During the colonial era most North American slaves lived in the Chesapeake and the Carolina/Georgia low country, growing tobacco, rice, indigo, and sea island cotton on lowland plantations. But black people labored on small farms in the southern backcountry and throughout the middle and northern colonies as well. They helped whites build houses and ships, cobble shoes, bake bread, brew beer, make hats, weave cloth, and sew gowns. They cleaned streets and they hauled heavily laden carts through them. They waited on planters in Virginia mansions and on lawyers, merchants, and public officials in northern cities. Black men helped turn ore into metal on the "iron plantations" that dotted the interior landscape from Virginia to New York. They loaded and unloaded vessels in colonial ports and they went to sea before the mast. Black women cooked, washed, tended children, and did scullery work in white households everywhere. They also did heavy labor to which no white woman would be subjected. Whatever free white people were doing to build colonial America, enslaved black people were doing it too.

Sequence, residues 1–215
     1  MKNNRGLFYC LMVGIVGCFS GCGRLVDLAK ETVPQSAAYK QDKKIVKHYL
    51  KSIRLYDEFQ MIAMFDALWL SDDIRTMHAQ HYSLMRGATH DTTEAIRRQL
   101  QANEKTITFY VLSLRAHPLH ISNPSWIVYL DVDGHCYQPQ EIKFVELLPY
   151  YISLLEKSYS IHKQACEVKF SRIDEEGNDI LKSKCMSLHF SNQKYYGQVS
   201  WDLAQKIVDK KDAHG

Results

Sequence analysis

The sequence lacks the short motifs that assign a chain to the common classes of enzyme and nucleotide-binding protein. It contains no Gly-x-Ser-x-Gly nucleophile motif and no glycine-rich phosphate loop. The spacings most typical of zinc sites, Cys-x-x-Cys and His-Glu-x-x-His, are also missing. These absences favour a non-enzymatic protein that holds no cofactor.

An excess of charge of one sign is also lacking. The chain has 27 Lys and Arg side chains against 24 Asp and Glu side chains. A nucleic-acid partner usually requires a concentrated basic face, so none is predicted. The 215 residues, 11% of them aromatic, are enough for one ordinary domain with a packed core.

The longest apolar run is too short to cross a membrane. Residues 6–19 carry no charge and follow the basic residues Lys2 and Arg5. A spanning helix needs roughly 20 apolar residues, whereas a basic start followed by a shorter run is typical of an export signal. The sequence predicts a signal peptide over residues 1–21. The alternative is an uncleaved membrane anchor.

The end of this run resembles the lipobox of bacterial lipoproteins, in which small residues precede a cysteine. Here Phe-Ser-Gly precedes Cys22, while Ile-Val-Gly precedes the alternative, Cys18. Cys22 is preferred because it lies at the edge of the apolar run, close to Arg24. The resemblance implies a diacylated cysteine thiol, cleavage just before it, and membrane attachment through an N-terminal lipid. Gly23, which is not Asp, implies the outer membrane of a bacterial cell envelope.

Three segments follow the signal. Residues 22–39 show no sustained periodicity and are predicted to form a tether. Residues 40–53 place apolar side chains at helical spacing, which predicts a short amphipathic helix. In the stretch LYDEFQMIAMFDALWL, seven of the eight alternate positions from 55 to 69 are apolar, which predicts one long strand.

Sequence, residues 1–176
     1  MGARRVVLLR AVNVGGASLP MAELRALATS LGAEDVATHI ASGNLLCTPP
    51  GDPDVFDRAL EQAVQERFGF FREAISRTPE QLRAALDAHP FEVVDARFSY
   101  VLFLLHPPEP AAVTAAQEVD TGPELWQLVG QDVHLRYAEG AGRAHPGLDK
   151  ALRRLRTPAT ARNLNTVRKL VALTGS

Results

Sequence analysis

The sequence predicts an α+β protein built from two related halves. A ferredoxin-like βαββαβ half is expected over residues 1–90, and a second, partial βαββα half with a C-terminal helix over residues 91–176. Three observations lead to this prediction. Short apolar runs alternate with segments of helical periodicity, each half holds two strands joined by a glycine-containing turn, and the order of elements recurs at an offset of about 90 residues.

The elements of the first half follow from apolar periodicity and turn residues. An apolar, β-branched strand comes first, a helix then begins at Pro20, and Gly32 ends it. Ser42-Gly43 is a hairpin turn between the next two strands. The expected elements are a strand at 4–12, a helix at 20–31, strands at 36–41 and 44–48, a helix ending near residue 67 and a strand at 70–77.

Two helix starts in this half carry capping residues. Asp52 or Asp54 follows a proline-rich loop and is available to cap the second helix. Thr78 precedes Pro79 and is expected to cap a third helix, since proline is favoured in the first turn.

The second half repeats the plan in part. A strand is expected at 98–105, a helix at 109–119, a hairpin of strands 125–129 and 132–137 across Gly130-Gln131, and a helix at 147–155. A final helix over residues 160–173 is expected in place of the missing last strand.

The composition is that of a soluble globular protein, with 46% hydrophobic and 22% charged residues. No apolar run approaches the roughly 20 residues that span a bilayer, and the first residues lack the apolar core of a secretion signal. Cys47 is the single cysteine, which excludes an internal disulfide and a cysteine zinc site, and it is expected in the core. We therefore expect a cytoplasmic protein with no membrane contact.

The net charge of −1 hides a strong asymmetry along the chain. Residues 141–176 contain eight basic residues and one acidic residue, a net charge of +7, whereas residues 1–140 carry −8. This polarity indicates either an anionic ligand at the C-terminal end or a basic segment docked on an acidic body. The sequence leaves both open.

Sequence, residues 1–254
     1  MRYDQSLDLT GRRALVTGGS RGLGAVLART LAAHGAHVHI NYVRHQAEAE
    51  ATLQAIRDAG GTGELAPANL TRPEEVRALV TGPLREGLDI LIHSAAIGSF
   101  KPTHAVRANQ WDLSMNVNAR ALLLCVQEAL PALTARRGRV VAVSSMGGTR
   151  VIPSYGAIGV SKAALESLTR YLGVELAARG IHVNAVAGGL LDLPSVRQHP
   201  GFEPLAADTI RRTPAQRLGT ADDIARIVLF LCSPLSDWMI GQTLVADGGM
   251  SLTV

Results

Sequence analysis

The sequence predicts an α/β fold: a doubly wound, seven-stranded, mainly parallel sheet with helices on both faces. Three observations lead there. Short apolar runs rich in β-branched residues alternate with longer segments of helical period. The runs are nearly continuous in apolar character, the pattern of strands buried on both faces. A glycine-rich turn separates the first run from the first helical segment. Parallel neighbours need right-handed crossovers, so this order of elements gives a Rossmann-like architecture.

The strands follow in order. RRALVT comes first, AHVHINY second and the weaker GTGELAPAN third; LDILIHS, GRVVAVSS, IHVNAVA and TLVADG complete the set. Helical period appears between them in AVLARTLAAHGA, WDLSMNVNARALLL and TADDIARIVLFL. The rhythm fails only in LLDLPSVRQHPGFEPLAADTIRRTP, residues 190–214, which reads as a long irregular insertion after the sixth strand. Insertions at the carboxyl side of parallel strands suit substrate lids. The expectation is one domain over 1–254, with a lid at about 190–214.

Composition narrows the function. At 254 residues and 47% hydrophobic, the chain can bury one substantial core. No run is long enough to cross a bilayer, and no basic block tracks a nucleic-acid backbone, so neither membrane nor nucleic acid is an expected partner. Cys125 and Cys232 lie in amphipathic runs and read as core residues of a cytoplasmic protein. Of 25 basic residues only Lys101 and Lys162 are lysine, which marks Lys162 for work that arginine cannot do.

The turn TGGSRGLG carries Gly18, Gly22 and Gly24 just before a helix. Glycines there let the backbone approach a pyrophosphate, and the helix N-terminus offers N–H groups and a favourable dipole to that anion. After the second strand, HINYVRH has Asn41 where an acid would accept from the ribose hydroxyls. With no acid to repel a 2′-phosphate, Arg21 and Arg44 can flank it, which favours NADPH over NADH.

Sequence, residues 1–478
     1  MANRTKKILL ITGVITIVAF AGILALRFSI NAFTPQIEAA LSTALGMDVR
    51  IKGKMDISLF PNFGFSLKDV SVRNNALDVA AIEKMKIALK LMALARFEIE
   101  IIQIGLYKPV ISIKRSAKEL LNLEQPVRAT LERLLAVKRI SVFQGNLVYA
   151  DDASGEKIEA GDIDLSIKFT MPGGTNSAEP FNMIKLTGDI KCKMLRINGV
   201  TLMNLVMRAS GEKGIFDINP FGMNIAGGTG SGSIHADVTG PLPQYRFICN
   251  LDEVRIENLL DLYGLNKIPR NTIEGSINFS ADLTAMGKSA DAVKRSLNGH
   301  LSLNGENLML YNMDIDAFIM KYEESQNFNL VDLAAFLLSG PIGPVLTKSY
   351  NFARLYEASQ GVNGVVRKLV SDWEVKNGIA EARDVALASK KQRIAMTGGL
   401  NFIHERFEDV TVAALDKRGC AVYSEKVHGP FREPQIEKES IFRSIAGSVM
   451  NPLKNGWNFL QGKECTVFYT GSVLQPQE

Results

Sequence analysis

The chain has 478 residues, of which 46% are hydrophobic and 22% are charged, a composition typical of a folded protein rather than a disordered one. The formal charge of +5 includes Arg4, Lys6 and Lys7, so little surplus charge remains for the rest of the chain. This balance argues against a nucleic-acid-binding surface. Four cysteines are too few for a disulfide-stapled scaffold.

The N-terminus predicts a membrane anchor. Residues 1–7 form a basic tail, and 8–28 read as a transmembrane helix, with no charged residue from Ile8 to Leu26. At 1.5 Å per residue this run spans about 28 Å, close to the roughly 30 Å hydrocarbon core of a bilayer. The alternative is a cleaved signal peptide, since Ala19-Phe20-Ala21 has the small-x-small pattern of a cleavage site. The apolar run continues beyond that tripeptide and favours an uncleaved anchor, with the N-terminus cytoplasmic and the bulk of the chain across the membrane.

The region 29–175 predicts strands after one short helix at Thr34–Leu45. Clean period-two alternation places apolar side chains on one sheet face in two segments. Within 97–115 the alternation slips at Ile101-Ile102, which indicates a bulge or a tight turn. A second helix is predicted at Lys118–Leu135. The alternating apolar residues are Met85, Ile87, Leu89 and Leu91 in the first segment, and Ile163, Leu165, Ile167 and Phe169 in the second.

On slavery and social death . . .
In a vast, sweeping comparison of world slave systems, sociologist Orlando Patterson has likened slavery to "social death." His metaphor offers a way to distinguish slavery from any other kind of subordination or degradation. All societies have some form of hierarchy, and all hierarchies involve different degrees of honor, respect, and reward. Somebody is always at the bottom, even in a society that proclaims equality. A slave, however, is totally dishonored, stripped of all claims to respect, and open to complete exploitation. Slaves live with the knowledge that somebody else is in control of their lives, "without consent or contract."